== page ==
Ill-advised to scale back missile defense
The Obama administration wants to focus on disarmament. Like those who argue that guns can cause crime, Pres. Obama's team seems to believe that simple reducing the number of military weapons--including the weapons we ourselves possess--will
reduce conflict. But weapons, whether hunting rifles or tanks, are inanimate objects. I'm not worried about the objects themselves, but about who controls them and where they're being pointed. If Canada announces it is building a new missile,
I wouldn't be too concerned. But when Iran or North Korea do it, I'm a lot less sanguine. We can abolish as many of our missiles as we want, but that's just not going to convince international miscreants to do the same. That's why Pres.
Obama's decision to drastically scale back our missile defense program was ill-advised. The real cause of war and international conflict is not the existence of weapons, but authoritarian leaders trying to expand their power.
I don't see any reason to continue giving Miranda rights to foreign terrorists, as we did to Umar Farouk Abdulmutallab, the would-be bomber of Flight 253. As Senators Collins and Lieberman wrote to Attorney General Eric Holder, the decision to treat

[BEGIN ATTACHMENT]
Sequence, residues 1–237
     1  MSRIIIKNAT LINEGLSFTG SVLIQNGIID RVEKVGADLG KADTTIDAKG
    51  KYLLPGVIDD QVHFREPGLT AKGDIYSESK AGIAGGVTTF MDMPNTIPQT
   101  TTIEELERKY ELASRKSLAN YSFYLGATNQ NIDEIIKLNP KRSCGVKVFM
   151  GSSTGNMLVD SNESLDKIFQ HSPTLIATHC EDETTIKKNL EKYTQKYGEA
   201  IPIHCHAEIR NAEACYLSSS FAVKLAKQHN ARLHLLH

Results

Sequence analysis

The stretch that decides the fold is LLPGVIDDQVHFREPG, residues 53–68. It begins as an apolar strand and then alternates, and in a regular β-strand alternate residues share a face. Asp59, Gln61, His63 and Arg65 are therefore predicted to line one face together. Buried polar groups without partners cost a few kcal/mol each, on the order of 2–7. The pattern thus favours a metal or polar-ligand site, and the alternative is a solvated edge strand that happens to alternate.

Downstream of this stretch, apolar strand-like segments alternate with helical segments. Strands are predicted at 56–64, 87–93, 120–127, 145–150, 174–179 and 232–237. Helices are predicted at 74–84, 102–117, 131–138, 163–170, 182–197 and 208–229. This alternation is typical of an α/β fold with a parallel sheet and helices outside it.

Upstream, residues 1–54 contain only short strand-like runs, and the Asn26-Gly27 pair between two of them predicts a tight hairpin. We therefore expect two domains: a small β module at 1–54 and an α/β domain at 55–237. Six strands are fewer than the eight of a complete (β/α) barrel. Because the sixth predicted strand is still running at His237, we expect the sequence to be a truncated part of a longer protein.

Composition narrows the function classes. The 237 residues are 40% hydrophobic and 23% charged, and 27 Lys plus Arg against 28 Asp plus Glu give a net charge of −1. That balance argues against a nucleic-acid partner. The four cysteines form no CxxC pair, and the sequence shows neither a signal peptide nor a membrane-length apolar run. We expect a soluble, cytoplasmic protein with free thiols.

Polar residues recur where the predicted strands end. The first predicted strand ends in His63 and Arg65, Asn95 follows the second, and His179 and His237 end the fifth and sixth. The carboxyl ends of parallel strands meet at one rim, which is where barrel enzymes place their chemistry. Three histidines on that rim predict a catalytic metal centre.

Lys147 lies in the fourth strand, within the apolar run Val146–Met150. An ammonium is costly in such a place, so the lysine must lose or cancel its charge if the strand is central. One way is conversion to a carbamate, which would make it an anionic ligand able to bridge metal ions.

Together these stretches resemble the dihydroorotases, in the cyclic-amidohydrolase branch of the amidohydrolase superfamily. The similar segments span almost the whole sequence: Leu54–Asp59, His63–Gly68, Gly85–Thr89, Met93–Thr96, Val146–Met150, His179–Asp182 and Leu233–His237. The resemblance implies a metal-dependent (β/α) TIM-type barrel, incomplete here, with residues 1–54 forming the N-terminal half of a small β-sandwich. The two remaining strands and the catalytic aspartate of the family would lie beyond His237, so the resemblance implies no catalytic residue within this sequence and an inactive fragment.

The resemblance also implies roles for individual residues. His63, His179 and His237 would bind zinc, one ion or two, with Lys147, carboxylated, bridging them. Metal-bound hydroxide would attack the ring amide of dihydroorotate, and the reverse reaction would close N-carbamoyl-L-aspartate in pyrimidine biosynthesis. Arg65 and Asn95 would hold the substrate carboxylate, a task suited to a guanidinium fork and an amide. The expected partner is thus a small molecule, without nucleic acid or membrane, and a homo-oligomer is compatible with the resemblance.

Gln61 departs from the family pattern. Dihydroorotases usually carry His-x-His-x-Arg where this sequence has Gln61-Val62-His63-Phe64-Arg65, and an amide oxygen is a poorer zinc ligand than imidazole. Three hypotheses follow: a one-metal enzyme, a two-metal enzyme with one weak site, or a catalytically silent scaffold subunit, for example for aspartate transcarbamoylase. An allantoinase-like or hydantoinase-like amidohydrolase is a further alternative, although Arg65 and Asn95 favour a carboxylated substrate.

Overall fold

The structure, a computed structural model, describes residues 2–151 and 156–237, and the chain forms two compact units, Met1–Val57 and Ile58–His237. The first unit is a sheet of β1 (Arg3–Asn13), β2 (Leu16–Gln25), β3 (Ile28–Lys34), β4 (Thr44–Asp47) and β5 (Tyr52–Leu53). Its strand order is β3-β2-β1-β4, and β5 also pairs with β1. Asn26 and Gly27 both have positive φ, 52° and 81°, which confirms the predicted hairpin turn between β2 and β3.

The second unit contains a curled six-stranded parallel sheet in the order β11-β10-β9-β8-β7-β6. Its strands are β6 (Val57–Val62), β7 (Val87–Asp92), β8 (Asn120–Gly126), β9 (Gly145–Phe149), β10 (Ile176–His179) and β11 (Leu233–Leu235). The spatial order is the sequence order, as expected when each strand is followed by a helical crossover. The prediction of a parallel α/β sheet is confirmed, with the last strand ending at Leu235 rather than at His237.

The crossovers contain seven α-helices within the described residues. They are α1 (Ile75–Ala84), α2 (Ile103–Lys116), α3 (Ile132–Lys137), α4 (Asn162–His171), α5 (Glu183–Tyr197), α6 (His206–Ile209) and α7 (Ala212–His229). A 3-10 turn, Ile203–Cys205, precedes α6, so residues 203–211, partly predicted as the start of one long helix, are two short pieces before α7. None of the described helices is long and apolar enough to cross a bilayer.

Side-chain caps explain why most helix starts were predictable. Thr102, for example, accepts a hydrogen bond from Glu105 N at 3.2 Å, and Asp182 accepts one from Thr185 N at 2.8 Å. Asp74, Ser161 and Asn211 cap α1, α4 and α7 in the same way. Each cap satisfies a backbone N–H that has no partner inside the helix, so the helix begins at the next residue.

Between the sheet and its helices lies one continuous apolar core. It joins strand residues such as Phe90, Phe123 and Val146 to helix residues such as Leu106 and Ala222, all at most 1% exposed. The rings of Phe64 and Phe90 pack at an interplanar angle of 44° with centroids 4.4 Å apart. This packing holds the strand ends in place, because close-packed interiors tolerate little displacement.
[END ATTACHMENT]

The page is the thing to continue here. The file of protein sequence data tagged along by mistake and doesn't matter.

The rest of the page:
Abdulmutallab as an ordinary criminal "almost certainly prevented the military and the intelligence community from obtaining information that would have been critical to learning more about how our enemy operates and to preventing future attacks."
This is just common sense; intelligence is our first line of defense in war. That's why I voted in Congress to amend the Foreign Intelligence Surveillance
Act (FISA) so the president and the attorney general could authorize electronic surveillance of foreign agents without a court order. Extending full legal protections to foreign terrorists will simply mean more dead Americans.
Make no apologies when we must use our military strength
We live in a dangerous world, and America needs to be strong. We must remain not just strong, but the strongest power in the world, and we should make no apologies when we must use our military strength from time to time.
But this is not where our true strength lies. Military might is a means to an end, not an end in itself.
A strong military in the hands of a corrupt, wicked, or oppressive regime does not make that regime great.